A panorama is any wide-angle view or representation of a physical space, whether in painting, photography, seismic images or a three-dimensional model. The word was coined in the 18th century by the English painter Robert Barker to describe his panoramic paintings of Edinburgh and London; the motion-picture term panning is derived from panorama. A panoramic view is purposed for multi-media, cross-scale applications to an outline overview along and across repositories; this so-called "cognitive panorama" is a panoramic view over, a combination of, cognitive spaces used to capture the larger scale. The device of the panorama existed in painting in murals, as early as 20 A. D. in those found as a means of generating an immersive ` panoptic' experience of a vista. Cartographic experiments during the Enlightenment era preceded European panorama painting and contributed to a formative impulse toward panoramic vision and depiction; this novel perspective was conveyed to America by Benjamin Franklin, present for the first manned balloon flight by the Montgolfier brothers in 1783, by American born physician, John Jeffries who had joined French aeronaut Jean Pierre Blanchard on flights over England and the first aerial crossing of the English Channel in 1785.
In the mid-19th century, panoramic paintings and models became a popular way to represent landscapes, topographic views and historical events. Audiences of Europe in this period were thrilled by the aspect of illusion, immersed in a winding 360 degree panorama and given the impression of standing in a new environment; the panorama was a 360-degree visual medium patented under the title Apparatus for Exhibiting Pictures by the artist Robert Barker in 1787. The earliest that the word "panorama" appeared in print was on June 11, 1791 in the British newspaper The Morning Chronicle, referring to this visual spectacle. Barker created a painting, shown on a cylindrical surface and viewed from the inside, giving viewers a vantage point encompassing the entire circle of the horizon, rendering the original scene with high fidelity; the inaugural exhibition, a "View of Edinburgh", was first shown in that city in 1788 transported to London in 1789. By 1793, Barker had built "The Panorama" rotunda at the center of London's entertainment district in Leicester Square, where it remained until closed in 1863.
Inventor Sir Francis Ronalds developed a machine to remove errors in perspective that were created when a sequence of planar sketches was combined into a cylinder. It projected the cylindrical drawing onto the wall of the rotunda at much larger scale to enable its accurate painting; the apparatus was exhibited at the Royal Polytechnic Institution in the early 1840s. Large scale installations enhance the illusion for an audience of being surrounded with a real landscape; the Bourbaki Panorama in Lucerne, Switzerland was created by Edouard Castres in 1881. The painting measures about 10 metres in height with a circumference of 112 meters. In the same year of 1881, the Dutch marine painter Hendrik Willem Mesdag created and established the Panorama Mesdag of The Hague, Netherlands, a cylindrical painting more than 14 metres high and 40 meters in diameter. In the United States of America is the Atlanta Cyclorama, depicting the Civil War Battle of Atlanta, it was first displayed in 1887, is 42 feet high by 358 feet circumference.
On a gigantic scale, still extant, is the Racławice Panorama located in Wrocław, which measures 15 x 120 metres. In addition to these historical examples, there have been panoramas painted and installed in modern times. Panoramic photography soon came to displace painting as the most common method for creating wide views. Not long after the introduction of the Daguerreotype in 1839, photographers began assembling multiple images of a view into a single wide image. In the late 19th century, flexible film enabled the construction of panoramic cameras using curved film holders and clockwork drives to rotate the lens in an arc and thus scan an image encompassing 180 degrees. Pinhole cameras of a variety of constructions can be used to make panoramic images. A popular design is the "oatmeal box", a vertical cylindrical container in which the pinhole is made in one side and the film or photographic paper is wrapped around the inside wall opposite, extending right to the edge of, the pinhole; this generates an egg-shaped image with more than 180° view.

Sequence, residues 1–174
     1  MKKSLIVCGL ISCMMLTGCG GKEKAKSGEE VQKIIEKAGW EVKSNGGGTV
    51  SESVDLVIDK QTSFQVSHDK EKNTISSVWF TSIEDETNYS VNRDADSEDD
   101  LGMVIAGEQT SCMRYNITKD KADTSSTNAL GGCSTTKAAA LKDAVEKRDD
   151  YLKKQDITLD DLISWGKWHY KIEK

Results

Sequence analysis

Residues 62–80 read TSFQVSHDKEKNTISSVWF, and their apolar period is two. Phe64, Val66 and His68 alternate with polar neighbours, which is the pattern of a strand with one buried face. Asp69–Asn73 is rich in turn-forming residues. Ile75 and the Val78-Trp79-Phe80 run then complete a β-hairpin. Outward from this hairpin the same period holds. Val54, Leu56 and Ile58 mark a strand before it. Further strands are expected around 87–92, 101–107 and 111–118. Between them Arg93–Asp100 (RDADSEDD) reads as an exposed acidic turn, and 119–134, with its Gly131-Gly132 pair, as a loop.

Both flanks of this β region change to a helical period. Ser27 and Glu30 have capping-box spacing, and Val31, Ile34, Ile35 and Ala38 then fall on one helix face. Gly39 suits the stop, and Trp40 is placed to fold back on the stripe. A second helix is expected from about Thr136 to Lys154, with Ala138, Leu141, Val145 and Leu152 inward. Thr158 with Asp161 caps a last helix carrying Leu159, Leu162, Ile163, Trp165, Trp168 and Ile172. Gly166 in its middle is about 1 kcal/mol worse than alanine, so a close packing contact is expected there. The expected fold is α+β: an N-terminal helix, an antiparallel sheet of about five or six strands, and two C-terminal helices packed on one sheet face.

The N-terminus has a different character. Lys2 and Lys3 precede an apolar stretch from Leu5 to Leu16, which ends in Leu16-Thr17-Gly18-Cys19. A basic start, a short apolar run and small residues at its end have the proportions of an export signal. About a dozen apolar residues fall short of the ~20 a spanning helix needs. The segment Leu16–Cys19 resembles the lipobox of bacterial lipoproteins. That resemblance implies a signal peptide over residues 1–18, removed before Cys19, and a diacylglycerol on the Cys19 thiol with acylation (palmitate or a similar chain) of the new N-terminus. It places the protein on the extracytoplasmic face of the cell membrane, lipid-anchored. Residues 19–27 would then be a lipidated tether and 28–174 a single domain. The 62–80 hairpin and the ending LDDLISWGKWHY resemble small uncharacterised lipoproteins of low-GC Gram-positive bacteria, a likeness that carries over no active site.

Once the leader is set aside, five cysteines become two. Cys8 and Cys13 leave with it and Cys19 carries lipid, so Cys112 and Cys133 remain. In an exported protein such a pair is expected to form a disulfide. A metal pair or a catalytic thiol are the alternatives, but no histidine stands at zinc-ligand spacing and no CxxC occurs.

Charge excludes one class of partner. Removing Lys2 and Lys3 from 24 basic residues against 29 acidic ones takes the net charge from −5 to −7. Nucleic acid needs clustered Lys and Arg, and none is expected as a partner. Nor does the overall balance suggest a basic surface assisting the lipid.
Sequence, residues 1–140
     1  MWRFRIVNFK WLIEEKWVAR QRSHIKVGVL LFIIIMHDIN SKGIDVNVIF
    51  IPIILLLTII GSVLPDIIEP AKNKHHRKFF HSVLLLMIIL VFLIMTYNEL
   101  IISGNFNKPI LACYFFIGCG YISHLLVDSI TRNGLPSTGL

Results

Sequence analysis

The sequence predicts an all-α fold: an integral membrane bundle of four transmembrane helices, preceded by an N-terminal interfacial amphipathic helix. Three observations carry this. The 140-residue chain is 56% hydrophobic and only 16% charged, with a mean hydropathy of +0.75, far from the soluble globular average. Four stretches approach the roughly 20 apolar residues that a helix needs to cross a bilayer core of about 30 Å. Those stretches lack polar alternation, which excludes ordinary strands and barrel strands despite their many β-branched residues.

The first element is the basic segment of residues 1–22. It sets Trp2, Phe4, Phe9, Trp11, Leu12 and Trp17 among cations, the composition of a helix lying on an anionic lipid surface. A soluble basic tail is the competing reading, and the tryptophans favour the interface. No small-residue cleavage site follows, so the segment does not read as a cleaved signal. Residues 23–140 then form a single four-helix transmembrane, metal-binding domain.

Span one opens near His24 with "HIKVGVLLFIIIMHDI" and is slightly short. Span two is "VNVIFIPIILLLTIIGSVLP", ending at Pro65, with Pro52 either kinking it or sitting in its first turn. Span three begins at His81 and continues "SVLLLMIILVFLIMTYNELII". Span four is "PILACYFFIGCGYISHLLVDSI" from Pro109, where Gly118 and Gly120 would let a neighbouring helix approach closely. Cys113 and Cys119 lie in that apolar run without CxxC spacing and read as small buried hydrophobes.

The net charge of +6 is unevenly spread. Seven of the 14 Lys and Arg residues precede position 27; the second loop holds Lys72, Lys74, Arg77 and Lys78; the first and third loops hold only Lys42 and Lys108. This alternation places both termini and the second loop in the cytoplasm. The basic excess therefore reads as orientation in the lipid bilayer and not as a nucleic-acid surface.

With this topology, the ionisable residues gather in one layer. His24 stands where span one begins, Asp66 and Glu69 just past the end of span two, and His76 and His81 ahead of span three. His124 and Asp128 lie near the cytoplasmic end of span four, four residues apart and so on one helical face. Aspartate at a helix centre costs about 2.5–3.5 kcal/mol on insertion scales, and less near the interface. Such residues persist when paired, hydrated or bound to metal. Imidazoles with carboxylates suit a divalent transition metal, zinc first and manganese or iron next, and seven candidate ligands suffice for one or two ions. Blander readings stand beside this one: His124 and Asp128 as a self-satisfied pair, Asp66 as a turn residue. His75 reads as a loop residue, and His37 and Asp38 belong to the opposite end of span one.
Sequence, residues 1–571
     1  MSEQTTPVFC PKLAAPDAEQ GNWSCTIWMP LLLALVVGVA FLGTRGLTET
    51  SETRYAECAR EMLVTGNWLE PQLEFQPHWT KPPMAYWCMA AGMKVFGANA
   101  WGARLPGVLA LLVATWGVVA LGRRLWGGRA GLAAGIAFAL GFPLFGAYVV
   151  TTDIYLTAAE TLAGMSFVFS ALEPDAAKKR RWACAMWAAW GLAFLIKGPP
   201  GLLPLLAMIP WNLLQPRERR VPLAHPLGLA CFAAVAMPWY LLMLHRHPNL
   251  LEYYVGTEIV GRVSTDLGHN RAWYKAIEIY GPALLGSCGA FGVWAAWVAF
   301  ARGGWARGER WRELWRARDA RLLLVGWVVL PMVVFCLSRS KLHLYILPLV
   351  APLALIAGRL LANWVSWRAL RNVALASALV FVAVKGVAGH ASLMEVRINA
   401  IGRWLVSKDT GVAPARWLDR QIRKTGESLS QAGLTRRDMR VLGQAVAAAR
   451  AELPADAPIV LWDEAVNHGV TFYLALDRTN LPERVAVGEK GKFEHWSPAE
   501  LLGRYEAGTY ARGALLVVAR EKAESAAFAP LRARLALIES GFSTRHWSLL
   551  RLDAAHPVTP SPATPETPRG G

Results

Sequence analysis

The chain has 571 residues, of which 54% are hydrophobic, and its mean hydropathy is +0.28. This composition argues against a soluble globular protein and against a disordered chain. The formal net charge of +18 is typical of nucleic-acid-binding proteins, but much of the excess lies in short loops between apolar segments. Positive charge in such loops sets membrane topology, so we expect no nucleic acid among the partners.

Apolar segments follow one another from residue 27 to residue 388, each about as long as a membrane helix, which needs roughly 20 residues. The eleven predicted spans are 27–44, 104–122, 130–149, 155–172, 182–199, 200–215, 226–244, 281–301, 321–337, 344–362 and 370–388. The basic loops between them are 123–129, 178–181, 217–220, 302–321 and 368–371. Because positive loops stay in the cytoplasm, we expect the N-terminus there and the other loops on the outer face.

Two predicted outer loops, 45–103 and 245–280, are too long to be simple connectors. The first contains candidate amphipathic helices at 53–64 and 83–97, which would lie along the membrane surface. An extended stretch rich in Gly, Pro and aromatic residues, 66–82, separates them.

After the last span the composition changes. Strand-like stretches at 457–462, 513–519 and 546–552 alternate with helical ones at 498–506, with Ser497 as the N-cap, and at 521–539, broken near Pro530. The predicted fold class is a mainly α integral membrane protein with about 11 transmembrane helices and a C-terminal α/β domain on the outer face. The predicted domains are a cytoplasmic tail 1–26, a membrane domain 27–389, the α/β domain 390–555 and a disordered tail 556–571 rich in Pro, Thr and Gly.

Stratum Pier is an interactive overlook by American artist Kendall Buster. The functional sculpture is located at the Indianapolis Museum of Art's 100 Acres: Virginia B. Fairbanks Art & Nature Park. Based on a section of a topographical map of 100 Acres the artwork consists of emerald green layered platforms that are shaped in a flowing organic manner along the south side of the sculpture parks lake; the artwork consists of fiberglass grids. The support system sits at varied heights. Visitors are welcome to walk on, fish at and explore the structure, non-accessible due to flooding. Stratum Pier was created to appear as if it is an extension of the shoreline, exhibiting artist Kendall Buster's desire to merge "the natural and the built environment." A visit to the structure allows one to view the cycles of erosion and growth in the 100 Acres environment, cycles that are represented in Stratum Piers layered build. Fiberglass was chosen due to its light weight allowing it to sit in its present location and its durability which allows for heavy use by visitors to the park.
Buster started to design the piece after a visit to the park and inspiration from the topographical maps created to document the parks environment. Buster expects the work to merge with the landscape as the grass and brush that surrounds the area grows into the work. Buster worked with architect Jeremy Olsen of Wheeler Kearns and project engineer Chris Rockey of Rockey Structures to create the piece; the artwork was commissioned by the Indianapolis Museum of Art and funded by a grant from The Indianapolis Foundation. In June 2010 Indianapolis based Motus Dance Theatre performed one day, every 45 minutes, on Stratum Pier in response to the installation and to celebrate the opening of the park. Before pursuing fine art, Kendall Buster obtained her degree in medical technology moved on to earning her BFA at the Corcoran College of Art and Design. After receiving her MFA from Yale University she was involved in the Whitney Museum of American Art's Independent Study Studio Program. Buster's work is described as "biological architecture" and resides in the collections of the Kreeger Museum, the Kemper Museum, Hirshhorn Museum, among others.